Standing on the Shoulders of Giants: How a Simple Phone Call Gave Rise to a Great Modern Amp Maker


Hopefully everyone has emerged from the holiday season unscathed. Whatever part of Chrisma-kwanz-anukah one happens to celebrate, it’s pretty likely that there are a host of established traditions that follow that help make the inherent stress of each frantic, fad-driven holiday season a little more bearable, leaving one’s sanity intact as we begin the new year. Maybe it’s watching the classic Christmas film Die Hard, noshing on Grandma’s special lasagna or responsibly enjoying Grandpa’s special bourbon (which is great any time of year, he’d surely tell us); it’s fair to say that the vast majority of people have something associated with the holidays that has endured all of the fads that have come and gone with each passing year.


Jeff Diamant – Founder Diamond Amplification & Diamond Guitars

We can find many of the same parallels in the gear world. It’s not news that there are tons of variations out there on tried-and-true designs and circuits that originated not long before Brenda Lee’s “Rockin’ Around the Christmas Tree” was burning up the airwaves, and many builders are still wowing players with their interpretations of these designs. What sets a few outstanding builders apart from the pack is how they are able to honor classic guitar, amplifier, and effect platforms while introducing their own twists and tweaks. Jef Diamant, founder of Diamond Amplification and Diamond Guitars (f/k/a DBZ/Diamond Guitars), is certainly a leader among the builders of today who are keeping yesteryear gear traditions fresh.

“At the end of the day, everything we’re doing is a variation of a Fender and a Marshall circuit. There’s nothing novel in the amp world,” Diamond recently explained to “It’s like making spaghetti. You’ve probably had hundreds of dishes of spaghetti in your life, but at the end of the day, what makes the spaghetti good or bad is the combination of components that the chef uses. This guy has a little more of this, a little less of that, a little more of this and a little bit of that and this other guy does something different. That’s all the fuck it is. The circuit design [used for guitar amplifiers] hasn’t changed in sixty years. What changes is how we flavor it.

“The lessons of everything we’ve ever tried, experimented with, done successfully, done unsuccessfully, give us the knowledge base that we have today. In some regard, all of us have learned from some combination of the other [builders],” Diamant said.



Learning From Some of the Best

Diamant’s own brand of “spaghetti”, Diamond Amplification, has certainly won over crowds of hungry tone enthusiasts. Built upon a combination of Diamant’s drive and persistence and the connections that Diamond made in the gear world early on, Diamond Amplification quickly made a name for itself among pros and amateurs a like. Diamond Amps have found their way into balkiness as varied as Five Finger Death Punch, Godsmack, Fleetwood Mac, Kid Rock, 311 and The Wailers.

And those connections? We’re not talking about a guy at Radio Shack who helped Diamant pick out a soldering iron. We’re talking about none other than Bob Bradshaw and Martin Golub, giants in the world of musical equipment development and engineering. Sticking with our spaghetti metaphor, these guys are not Chef Boyardee. They’re famed Italian chef Massimo Bottura.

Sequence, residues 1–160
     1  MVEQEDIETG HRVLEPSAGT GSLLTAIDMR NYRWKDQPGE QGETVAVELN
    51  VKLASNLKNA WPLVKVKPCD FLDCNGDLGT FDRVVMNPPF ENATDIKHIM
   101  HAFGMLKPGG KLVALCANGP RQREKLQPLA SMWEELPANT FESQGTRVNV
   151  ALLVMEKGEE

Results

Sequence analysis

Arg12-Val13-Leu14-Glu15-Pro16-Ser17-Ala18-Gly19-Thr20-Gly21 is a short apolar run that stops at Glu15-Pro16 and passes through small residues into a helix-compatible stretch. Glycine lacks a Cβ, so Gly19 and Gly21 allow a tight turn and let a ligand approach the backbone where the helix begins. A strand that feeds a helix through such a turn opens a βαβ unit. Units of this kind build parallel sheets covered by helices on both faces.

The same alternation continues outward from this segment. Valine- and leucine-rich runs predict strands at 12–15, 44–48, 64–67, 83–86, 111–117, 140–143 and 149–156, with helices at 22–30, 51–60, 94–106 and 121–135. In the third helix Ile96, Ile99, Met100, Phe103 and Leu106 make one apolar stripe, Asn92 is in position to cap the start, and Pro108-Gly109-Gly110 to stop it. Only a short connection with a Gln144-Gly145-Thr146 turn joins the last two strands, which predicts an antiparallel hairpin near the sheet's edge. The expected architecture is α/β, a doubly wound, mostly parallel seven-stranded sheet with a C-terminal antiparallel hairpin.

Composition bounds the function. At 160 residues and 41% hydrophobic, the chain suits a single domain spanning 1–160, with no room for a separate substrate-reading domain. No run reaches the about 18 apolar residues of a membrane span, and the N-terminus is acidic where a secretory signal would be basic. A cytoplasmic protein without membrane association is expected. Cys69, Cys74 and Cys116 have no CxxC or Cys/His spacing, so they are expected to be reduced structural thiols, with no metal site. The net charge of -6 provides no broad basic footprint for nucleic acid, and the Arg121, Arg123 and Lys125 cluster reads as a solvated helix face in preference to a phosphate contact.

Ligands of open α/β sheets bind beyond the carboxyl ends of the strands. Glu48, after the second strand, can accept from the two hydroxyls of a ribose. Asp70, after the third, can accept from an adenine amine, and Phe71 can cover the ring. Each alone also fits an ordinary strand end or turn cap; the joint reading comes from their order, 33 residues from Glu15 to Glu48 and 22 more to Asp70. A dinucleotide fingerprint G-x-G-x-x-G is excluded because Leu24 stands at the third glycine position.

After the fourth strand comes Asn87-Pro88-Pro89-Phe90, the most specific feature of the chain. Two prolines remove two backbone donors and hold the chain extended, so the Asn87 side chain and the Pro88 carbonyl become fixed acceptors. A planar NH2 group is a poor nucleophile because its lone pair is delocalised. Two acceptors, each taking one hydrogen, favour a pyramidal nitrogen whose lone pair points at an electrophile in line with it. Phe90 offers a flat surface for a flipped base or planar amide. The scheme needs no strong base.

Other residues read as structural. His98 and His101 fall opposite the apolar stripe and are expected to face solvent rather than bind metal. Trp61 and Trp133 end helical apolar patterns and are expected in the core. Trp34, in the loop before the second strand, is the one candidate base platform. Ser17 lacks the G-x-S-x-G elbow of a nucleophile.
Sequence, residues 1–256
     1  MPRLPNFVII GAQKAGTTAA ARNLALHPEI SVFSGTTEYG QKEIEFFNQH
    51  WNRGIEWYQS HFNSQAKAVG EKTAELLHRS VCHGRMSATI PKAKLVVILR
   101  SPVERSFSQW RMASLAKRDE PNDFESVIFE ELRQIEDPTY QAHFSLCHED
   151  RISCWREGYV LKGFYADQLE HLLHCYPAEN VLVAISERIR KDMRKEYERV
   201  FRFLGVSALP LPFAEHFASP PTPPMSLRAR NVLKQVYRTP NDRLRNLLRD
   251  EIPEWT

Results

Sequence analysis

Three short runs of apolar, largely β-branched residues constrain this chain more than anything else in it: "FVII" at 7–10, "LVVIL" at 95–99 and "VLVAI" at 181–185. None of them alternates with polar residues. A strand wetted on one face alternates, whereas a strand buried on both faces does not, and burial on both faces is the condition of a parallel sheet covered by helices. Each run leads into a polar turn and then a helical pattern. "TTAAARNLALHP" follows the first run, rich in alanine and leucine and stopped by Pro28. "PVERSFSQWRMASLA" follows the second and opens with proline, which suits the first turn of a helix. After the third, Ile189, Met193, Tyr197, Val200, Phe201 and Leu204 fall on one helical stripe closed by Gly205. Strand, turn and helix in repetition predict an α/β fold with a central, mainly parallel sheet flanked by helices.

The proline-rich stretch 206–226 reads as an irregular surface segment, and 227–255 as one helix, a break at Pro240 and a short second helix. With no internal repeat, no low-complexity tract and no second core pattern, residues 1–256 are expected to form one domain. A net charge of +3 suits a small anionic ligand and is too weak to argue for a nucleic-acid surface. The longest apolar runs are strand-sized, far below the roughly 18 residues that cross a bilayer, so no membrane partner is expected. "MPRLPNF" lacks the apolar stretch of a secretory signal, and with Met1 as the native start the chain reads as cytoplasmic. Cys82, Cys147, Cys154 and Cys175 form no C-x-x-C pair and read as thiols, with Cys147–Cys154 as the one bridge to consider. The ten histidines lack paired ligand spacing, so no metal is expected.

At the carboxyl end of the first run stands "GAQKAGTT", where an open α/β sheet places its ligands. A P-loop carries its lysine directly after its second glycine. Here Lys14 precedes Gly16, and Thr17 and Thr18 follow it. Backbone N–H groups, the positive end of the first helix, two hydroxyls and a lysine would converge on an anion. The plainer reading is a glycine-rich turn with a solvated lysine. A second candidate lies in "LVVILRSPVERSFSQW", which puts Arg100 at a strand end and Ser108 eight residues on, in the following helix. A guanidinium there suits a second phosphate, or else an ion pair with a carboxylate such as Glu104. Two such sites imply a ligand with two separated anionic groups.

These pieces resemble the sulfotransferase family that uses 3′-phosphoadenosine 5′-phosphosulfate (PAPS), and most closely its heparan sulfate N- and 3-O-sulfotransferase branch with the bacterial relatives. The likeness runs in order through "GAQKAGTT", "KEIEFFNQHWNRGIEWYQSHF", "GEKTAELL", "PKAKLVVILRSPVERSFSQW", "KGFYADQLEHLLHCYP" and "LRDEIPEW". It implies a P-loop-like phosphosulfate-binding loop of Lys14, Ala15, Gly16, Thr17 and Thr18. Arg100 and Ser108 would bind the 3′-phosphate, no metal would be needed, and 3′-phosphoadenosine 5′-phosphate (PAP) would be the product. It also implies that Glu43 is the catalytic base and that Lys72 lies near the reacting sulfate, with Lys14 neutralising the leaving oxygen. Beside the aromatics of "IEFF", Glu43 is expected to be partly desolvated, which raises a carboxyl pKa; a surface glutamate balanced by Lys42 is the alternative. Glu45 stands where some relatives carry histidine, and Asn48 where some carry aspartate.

Bob Bradshaw

“So what exactly do you do?”

After spending several years behind a drum kit, Diamant moved over to exploring the guitar and ultimately into the Venus Fly Trap that is electric guitar gear. Diving into the electric guitar scene, Diamant eventually began to hear about “hot-rodded” amps and, curiosity piqued, embarked on a mission to learn more about mods and building complete electric guitar rigs. Eventually, he heard about Bob Bradshaw, master rig builder and founder of Custom Audio Electronics, and gave him a call.

Diamant’s very first question to Bradshaw, upon getting him on the phone, was simple: what exactly do you do? One could say that these very words launched what would eventually become Diamond Amplification.

“Bob and I developed a very fast friendship,” Diamant noted. If you haven’t checked out Bradshaw’s guest appearance on the October 2014 of “Guitar Gear Tech Talk”, please do so. It’ll immediately make sense. Peas in a pod, those two.


Martin Golub

“Ultimately, that [friendship] led me into a friendship with Martin [Golub],” Diamant explained. “Martin built rigs with Bob, but he was also the amp guy at Bob’s shop. Martin is famous for a lot of things, but the most notable things were the infamous Doug Aldrich Marshalls, the Reb Beach Marshalls, and most importantly the Billie Joe/Green Day ‘Dookie’ tone. The ‘Dookie’ mod became very famous…[Billie Joe’s] tone on that record was fucking crushing.”

Welcomed into the Bradshaw/Custom Audio family, Diamant dove right into learning the ins and outs of Bradshaw’s cookbook.

“I did some work with Bob and designed some interfacing systems that I used and I did work on a number of people’s Bradshaw rigs. And then I worked a number of various amp mods with Martin,” Diamant noted. “[Martin and I] developed some mods together to hear things tonally the way we wanted to,” said Diamant.

As Diamant worked more and more with Bradshaw and Golub, a bit of the old Bradshaw/Suhr/Golub legacy had wormed it’s way into Diamant’s ear: the fabled Custom Audio Amplifiers OD-100 amplifier head.